Got to admit that when I first read this list of “healthy coping ideas” in the Tolerance for Uncertainty Workbook, it all seemed so hard, I shut down the pdf and went back to skimming the internet.
It was kind of like looking up from a bag of chips and saying, hmm, I feel as though I should eat healthier snacks, and opening a resource that then started talking about calories, metabolism science, diet debates etc. TOO COMPLICATED!!!
This week, I shared about experimenting with taking a wine-break in order to develop some other supportive practices. The glass of wine was a habit that was very comforting and easy to turn to. It wouldn’t have been helpful to replace it with an elaborate complicated ritual. Or something that required a completely different energetic output, like going for a 10km run. It was something I turned to when I was at my lowest energy. That insight needed to be accommodated.
Now that I have built my tolerance for uncertainty a bit more, I have the capacity to turn to some more complicated practices – and by complicated, I mean ones that might enlist other people. (Stoicism runs deep. That’s part of the appeal of the wine, right? It’s a very self-contained moment.) Now, I’m more practiced at the kind of vulnerability involved in putting my earbuds in and calling a friend while the kid is upstairs watching his show and I’m prepping dinner. Or, asking my family to each pick a song that we can dance around to like hairy noonahs. (I don’t know what that actually means, it just sounds appropriately silly.) Or pulling out a pile of old magazines and ripping and tearing and making a little collage, instead of scrolling instagram for my glossy shiny fix.
In a conversation with a friend this week, we spoke about the stresses of this past year, and coping habits, and the old wine-story came up again. We got a bit giddy talking about the power of taking that moment, maybe once the kids are finally asleep, for your self. About wrapping yourself in a cozy blanket and sitting down with a glass. And we wondered, what if it’s as much about the cozy blanket, as the glass of wine? What if, at it’s heart, we’re really craving a bit of ritual. What if, we could layer on one or two or three lovely things, to the glass of wine, to make it more ritualistic – light a candle, wrap self in cozy blanket, plug in a podcast or reach for journal… and as that becomes a rich moment of self-care, we could experiment with pouring water in that glass instead… it becomes easier to pull away one of the props, because the others are providing enough support.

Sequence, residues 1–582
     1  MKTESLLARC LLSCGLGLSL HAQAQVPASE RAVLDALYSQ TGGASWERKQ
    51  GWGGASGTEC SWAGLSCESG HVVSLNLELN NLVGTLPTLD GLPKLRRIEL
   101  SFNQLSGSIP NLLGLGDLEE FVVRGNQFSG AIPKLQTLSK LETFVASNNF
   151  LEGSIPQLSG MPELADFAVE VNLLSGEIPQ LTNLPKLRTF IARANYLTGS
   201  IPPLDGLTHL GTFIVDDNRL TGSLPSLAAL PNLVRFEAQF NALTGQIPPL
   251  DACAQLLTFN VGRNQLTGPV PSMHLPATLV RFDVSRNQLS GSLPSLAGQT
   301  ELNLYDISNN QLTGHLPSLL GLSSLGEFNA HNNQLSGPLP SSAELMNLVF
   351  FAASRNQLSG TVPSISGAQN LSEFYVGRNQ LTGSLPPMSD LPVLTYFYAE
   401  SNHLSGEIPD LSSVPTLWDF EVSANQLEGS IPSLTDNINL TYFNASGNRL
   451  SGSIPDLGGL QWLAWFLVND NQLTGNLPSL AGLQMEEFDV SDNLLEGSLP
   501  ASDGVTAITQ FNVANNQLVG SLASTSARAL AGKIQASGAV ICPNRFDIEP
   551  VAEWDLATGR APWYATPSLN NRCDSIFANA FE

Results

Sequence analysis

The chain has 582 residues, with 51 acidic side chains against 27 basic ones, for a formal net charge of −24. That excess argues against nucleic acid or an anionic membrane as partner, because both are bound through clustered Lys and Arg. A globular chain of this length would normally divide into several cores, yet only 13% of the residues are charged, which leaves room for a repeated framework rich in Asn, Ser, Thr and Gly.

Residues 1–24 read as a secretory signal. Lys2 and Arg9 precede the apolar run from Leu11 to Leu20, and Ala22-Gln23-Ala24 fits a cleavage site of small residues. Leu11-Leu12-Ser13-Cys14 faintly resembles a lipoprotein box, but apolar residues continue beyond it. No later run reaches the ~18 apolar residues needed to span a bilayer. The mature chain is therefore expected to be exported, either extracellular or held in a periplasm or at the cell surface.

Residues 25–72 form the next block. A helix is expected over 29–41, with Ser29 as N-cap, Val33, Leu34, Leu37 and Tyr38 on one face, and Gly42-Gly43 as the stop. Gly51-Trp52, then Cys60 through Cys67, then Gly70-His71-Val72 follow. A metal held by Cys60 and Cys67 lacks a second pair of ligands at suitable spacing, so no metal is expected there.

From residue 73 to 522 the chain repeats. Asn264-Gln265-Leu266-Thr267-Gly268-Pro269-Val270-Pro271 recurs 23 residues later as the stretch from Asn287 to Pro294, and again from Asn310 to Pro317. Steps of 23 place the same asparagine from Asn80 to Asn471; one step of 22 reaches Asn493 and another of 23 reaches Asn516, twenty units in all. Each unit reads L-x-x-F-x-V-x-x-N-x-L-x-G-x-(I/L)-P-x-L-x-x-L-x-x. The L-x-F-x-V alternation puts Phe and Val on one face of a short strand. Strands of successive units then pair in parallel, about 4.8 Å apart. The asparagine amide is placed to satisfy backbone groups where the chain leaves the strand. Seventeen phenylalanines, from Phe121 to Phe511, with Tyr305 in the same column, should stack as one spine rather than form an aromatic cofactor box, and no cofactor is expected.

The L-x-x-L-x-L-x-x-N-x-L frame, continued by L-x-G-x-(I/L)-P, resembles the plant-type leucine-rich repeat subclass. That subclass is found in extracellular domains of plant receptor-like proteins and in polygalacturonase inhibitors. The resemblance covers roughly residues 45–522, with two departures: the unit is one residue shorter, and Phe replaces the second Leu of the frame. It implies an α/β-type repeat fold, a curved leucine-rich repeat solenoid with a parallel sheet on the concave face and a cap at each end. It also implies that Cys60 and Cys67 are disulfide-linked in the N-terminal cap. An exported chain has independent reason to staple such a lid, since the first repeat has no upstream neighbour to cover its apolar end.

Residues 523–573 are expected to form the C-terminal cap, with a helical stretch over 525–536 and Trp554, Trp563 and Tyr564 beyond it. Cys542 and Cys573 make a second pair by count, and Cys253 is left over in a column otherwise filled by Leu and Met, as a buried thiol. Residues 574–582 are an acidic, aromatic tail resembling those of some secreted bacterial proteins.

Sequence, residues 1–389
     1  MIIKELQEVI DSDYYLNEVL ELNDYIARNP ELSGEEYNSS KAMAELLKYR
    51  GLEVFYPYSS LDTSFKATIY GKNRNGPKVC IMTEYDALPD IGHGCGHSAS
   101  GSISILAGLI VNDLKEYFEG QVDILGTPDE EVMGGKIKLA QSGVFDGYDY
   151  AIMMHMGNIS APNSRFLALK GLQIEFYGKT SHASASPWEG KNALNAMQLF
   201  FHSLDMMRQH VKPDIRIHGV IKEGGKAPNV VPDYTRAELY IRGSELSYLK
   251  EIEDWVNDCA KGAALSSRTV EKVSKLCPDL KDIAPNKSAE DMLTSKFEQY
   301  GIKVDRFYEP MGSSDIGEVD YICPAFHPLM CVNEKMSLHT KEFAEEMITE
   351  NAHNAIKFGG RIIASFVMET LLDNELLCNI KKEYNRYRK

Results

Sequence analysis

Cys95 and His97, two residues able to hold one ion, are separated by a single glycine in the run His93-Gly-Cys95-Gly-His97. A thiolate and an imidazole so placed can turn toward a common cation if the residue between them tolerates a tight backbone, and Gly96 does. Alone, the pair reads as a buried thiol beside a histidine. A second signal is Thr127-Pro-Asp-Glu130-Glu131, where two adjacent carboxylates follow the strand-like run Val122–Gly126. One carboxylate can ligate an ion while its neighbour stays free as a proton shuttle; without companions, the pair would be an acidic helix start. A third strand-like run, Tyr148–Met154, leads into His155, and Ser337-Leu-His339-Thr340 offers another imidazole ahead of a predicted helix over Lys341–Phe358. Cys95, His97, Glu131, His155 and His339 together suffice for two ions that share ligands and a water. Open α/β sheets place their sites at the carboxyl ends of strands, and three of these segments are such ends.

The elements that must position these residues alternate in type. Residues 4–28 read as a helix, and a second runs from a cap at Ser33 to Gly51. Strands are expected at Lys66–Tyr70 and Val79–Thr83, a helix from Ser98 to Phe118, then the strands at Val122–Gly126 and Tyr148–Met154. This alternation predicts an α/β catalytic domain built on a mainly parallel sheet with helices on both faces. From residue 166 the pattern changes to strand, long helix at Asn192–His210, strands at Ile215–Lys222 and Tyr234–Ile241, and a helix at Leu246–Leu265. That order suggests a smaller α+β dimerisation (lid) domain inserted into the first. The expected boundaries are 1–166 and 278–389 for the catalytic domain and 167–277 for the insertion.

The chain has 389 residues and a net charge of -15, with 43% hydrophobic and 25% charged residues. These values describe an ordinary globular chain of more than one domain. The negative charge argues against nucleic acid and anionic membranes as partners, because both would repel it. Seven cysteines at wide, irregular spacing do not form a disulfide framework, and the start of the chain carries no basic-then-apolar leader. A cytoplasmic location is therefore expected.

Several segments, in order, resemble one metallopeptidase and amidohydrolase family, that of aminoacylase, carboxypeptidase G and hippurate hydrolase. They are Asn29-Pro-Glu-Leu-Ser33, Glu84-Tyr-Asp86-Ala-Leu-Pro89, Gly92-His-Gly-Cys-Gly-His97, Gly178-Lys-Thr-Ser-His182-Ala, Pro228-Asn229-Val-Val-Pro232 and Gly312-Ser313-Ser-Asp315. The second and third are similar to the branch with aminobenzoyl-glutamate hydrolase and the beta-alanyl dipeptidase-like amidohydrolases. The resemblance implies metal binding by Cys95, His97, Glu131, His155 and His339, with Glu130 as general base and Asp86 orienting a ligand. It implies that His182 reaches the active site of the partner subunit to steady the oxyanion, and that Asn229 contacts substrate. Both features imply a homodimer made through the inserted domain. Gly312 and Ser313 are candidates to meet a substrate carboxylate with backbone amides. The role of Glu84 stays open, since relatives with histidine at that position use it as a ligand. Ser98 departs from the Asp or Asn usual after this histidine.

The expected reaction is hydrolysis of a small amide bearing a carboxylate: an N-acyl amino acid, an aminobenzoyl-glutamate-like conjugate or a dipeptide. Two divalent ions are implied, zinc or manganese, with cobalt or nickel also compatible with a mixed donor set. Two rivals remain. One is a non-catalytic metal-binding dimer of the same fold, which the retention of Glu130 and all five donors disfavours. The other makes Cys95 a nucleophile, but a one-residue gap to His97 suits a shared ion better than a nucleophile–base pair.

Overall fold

I feel very intrigued right now about the power of little rituals – especially given the evaporation of so many habits and traditions and fallbacks, this past year, as things closed, and routines changed, and traditions were paused. What was underneath those things? What need was served when I attended the morning gym class, or went for a coffee? As I looked for alternatives, it was always easier to replace the workout than to replace the feeling of community. It was easier to replace the to-go coffee than it was to replace the lovely ritual feeling, the feeling of pausing for something frothy and special.
I mean, if everything we know is falling apart, why not get curious and deconstruct our habits and patterns and dependencies? It’s kind of on-theme.
In the meantime, I’ve been brainstorming the list of “coping practices” that you can literally turn to when you’re completely exhausted, drained, down… Would love to hear any things that work for you. But this seems to be a good’un.
Legs up the wall.
Find a wall. (Don’t make it complicated. Any wall will do.) Crawl to it. Flip over, lie on your back and rest your legs up the wall.
If you feel as though you want more instruction, review this post: https://thewellnessalmanac.com/2020/04/14/restore-legs-up-the-wall-crystal-conroy-offers-a-free-audio-restorative-yoga-class-and-some-tips-on-how-to-relax/
You can make sure you’re cozy, in your pjs, with a blanket. You can put an eye-pillow over your eyes.
You can play this beautiful yoga nidra meditation from local yogi and momma, Crystal Conroy.
You can grow and deepen it.
AND you can just start by throwing your legs up the wall and taking a minute. The simple act of making this choice – to do a thing for yourself – to do a kind thing – helps reset the nervous system, helps build the toolkit, helps initiate a new habit.
So, yes to eating well-balanced meals. Yes, to the list of 15 healthy coping ideas. And yes to crawling over to the corner of your room and throwing your legs up the wall. Begin where you are.